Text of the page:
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J Med Food. 2012 Nov;15(11):1032-7. doi: 10.1089/jmf.2012.2297. Epub 2012 Oct 11.

Effect of procyanidin C1 on nitric oxide production and hyperpolarization through Ca(2+)-dependent pathway in endothelial cells.

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Department of Food Science and Biotechnology, Woosong University, Daejeon, Korea.


Polyphenol-rich foods, such as fruits and vegetables, are protective against cardiovascular diseases, but the mechanisms of the beneficial effects are still unknown. The goal of this research was to clarify actions of procyanidin trimer (C1) in rat aortic endothelial cells (RAECs). Procyanidin C1 at concentrations up to 50 μM was not cytotoxic to the RAECs. The addition of procyanidin C1 to RAECs exerted a time-dependent hyperpolarization measured using a membrane potential-dependent fluorescent probe, bis-(1,3-dibutylbarbituric acid) trimethine oxonol, whereas the hyperpolarization was significantly inhibited by the nonspecific K(+) channel inhibitor tetraethylammonium chloride (TEA). Moreover, procyanidin C1 elevated intracellular Ca(2+) influx, which was totally abolished in the presence of Ca(2+)-free solution with EGTA. Procyanidin C1 caused a significant increase in nitric oxide (NO) production. The effect was significantly inhibited by an NO synthase inhibitor, N(G)-monomethyl-l-arginine, or TEA. In conclusion, we demonstrated for the first time that procyanidin C1 plays a potent role in promoting Ca(2+)-mediated signals such as the hyperpolarization via multiple K(+) channel activations and the NO release in RAECs, suggesting that procyanidin C1 may represent novel and effective therapy for the treatment of cardiovascular diseases.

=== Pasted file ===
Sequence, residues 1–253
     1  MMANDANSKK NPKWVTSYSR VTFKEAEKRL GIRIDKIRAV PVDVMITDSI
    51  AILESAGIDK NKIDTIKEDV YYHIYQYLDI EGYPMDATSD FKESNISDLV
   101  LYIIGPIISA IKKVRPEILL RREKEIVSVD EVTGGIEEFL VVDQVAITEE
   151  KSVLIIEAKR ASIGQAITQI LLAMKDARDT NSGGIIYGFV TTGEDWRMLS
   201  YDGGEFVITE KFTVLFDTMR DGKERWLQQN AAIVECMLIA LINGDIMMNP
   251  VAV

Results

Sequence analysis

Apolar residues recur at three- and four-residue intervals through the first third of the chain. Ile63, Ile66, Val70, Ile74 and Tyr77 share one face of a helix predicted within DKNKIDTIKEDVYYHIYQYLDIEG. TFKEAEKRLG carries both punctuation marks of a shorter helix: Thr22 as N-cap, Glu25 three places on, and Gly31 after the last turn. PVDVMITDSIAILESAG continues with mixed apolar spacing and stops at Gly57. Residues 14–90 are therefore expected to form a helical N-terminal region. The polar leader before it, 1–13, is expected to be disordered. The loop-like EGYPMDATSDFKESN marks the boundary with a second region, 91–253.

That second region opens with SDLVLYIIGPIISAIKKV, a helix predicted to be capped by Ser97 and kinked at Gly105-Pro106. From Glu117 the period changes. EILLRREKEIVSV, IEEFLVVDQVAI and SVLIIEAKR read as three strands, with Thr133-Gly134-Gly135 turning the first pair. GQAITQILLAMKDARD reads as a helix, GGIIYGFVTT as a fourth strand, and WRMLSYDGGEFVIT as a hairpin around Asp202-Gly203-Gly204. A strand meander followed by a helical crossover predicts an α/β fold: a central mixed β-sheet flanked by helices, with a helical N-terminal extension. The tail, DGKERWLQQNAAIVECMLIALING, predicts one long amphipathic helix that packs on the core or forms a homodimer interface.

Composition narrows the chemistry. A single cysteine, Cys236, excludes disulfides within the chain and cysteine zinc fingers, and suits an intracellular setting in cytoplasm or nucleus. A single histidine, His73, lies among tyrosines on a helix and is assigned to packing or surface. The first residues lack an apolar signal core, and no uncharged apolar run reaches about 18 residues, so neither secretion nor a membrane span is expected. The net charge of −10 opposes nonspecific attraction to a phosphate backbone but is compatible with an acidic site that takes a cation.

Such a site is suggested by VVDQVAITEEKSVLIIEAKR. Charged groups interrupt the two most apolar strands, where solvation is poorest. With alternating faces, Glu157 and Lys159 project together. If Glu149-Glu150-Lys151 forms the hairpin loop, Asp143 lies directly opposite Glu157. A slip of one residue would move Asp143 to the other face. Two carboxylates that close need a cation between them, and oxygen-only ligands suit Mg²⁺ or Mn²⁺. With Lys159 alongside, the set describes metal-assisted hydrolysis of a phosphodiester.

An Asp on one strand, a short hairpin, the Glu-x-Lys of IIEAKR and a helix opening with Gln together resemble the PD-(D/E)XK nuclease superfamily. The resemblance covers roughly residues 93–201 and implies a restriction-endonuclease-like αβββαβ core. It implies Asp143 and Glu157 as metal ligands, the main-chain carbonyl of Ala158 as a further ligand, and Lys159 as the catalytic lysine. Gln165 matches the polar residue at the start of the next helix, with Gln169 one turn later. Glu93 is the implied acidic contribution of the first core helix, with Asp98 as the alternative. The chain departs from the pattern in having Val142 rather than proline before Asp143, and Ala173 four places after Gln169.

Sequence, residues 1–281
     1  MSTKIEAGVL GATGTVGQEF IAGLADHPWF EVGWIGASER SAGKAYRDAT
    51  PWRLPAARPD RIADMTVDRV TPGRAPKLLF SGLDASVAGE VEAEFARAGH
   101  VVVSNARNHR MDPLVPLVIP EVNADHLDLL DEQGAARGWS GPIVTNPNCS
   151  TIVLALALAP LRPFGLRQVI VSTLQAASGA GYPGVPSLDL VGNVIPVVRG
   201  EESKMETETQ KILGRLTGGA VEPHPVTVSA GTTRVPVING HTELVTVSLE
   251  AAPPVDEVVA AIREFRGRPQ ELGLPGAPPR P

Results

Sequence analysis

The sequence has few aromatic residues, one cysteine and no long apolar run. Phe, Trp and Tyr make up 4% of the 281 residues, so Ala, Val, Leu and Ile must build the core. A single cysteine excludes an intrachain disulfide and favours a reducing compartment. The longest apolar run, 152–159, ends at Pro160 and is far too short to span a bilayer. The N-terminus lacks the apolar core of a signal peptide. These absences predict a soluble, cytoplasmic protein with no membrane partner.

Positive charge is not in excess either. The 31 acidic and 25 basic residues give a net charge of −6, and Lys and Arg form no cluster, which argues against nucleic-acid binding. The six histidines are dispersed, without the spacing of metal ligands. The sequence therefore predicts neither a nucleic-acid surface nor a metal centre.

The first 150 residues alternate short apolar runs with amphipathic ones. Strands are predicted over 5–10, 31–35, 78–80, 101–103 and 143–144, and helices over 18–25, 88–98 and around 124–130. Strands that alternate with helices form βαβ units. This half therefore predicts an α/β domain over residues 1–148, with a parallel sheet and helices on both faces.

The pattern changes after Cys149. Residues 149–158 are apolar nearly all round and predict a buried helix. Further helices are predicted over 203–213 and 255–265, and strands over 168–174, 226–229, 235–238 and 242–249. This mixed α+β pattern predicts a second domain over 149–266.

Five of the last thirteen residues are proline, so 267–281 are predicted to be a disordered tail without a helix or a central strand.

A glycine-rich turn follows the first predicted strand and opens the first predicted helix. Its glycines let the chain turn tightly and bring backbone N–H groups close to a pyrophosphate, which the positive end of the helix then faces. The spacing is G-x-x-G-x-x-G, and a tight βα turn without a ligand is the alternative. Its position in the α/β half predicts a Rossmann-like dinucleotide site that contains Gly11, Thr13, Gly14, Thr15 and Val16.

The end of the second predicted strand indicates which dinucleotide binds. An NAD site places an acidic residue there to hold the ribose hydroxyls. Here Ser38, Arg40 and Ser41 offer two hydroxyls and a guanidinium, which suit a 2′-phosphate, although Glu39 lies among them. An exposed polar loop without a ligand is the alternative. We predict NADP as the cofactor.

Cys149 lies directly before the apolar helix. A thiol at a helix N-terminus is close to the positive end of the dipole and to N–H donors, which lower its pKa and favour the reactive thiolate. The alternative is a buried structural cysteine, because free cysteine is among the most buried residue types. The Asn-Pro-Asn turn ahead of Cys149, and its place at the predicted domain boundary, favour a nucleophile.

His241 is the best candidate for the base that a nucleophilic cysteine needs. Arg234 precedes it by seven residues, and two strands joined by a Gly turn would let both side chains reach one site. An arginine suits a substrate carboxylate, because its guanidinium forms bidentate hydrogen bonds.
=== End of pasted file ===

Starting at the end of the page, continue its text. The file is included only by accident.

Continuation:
[Indexed for MEDLINE]

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